Wednesday, September 14, 2011


Transplanting brassicas.
This year, I've devoted quite a bit of time and effort cultivating my online presence (although not lately). I've posted to this blog frequently, made connections with like-minded people, and kept up some great conversations. And for the most part, I've been missing lately.

Part of the reason for my absence is the (physically and emotionally demanding) full-time job at Beardsley Farm. I like what Beardsley does for the Knoxville community and I'm glad to be there.

This summer, I started visiting and working (volunteering time) at the farm where we've been getting our CSA for the last three years. Most recently, I've also put in a couple of days of work at another farm, working with Jim and his hot peppers. My time at the first farm started a change in me, and I'm not sure what to call it yet. It's a different awareness of farmers and their work, but that's not all. Being at both farms makes me exuberant and incredibly sad. I am so glad to have the chance to spend time with such hard-working and earnest people, but I hate to see them almost constantly so behind in their work. Jim, especially (because he tends his farm alone), tends to get discouraged. And all this has started affecting me personally--I want them to succeed, to be appreciated. More than anything, I want to help them. And for now, this means going to lend them my hands, my younger and less-tired body.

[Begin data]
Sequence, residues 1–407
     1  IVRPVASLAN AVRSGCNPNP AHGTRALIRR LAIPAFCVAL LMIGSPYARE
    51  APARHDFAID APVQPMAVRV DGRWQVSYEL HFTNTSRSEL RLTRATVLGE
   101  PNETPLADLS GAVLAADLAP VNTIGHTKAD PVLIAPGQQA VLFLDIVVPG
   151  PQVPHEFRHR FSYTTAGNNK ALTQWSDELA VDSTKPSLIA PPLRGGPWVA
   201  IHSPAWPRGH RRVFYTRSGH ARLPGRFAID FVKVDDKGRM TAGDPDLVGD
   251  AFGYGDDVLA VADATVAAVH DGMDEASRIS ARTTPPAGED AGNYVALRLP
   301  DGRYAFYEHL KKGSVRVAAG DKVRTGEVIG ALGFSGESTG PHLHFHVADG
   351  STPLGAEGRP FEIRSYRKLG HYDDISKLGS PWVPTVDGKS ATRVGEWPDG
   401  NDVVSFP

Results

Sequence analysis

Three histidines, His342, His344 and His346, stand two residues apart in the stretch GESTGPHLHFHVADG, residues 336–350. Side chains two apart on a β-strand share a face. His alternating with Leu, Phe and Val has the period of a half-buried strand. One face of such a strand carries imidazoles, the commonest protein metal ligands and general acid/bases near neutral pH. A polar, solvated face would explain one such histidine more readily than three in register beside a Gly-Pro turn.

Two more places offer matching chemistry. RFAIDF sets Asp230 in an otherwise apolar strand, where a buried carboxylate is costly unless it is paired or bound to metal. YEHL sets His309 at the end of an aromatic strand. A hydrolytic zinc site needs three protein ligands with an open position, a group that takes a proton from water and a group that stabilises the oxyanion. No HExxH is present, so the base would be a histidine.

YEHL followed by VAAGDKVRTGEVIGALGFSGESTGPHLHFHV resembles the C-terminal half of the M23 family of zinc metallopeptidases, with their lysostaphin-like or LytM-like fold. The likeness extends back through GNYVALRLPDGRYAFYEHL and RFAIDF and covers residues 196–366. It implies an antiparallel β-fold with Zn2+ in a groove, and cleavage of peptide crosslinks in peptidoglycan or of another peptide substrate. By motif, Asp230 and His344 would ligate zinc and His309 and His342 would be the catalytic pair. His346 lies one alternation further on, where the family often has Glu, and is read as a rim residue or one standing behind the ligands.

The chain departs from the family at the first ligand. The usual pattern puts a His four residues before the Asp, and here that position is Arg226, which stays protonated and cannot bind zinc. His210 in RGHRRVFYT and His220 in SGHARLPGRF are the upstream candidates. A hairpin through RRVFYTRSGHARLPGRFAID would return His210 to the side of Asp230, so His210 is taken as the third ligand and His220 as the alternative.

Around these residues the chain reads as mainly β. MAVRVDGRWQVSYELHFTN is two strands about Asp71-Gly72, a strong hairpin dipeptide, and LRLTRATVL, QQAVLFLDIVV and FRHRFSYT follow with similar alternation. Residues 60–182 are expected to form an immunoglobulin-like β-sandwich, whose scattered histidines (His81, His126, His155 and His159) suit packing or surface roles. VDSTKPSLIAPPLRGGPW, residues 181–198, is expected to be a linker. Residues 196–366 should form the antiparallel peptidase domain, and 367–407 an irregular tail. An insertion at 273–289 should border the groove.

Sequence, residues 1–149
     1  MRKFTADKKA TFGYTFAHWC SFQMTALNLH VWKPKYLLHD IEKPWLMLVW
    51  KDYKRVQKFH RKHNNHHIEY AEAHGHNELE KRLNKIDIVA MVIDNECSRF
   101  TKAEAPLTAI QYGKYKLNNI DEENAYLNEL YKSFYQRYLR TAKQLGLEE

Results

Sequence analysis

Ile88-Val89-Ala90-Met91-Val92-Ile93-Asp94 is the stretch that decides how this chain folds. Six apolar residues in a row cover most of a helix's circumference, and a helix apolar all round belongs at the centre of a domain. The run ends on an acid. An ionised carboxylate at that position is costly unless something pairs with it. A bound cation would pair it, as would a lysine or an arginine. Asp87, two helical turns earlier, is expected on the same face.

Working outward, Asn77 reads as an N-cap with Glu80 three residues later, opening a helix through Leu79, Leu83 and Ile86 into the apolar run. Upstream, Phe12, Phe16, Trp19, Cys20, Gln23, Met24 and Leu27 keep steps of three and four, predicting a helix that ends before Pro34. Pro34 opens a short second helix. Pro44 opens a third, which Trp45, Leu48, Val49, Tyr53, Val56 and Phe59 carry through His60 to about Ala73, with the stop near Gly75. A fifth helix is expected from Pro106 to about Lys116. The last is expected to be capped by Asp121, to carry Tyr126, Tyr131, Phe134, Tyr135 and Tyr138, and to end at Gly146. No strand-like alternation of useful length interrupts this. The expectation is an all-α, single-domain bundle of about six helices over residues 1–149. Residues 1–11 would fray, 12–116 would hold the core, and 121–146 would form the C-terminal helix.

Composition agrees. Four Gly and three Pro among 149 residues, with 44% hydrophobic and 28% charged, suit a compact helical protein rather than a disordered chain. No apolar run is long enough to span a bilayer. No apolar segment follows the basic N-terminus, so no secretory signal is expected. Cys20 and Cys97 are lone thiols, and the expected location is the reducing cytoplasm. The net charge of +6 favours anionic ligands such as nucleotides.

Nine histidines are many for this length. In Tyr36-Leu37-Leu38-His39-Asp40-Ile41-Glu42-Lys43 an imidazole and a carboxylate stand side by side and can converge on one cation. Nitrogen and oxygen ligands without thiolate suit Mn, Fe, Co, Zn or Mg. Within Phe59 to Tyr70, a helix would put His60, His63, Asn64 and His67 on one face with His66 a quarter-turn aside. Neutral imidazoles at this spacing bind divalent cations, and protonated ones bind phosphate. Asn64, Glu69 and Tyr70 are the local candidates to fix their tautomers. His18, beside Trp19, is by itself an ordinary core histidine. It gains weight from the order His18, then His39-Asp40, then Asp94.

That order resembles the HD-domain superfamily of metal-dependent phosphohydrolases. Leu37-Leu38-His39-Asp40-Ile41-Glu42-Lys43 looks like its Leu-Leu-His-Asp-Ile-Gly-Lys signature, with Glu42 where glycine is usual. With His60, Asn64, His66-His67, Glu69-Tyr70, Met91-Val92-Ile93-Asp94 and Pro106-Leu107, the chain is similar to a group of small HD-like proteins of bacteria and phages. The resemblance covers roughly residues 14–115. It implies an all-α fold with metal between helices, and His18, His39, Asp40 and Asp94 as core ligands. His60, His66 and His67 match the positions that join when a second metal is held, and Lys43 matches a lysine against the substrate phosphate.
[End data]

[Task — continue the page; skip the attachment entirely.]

I hope you understand. I may not be around online as much. I may not offer canning classes for a little while. Please understand that I'm trying to put in effort where I think it'll count most.


Shane said...

I think by learning, networking, and sharing, you are cultivating the future. You have a lot more to offer than just your hands, especially your determination, your motivation, and your literate infrastructure and networking abilities. Keep your chin up... you are making a difference!

zemmely said...

Thank you for the encouragement. I'm definitely going to continue keeping up with other things, but I like what I can do for the farmers right now, especially Jim.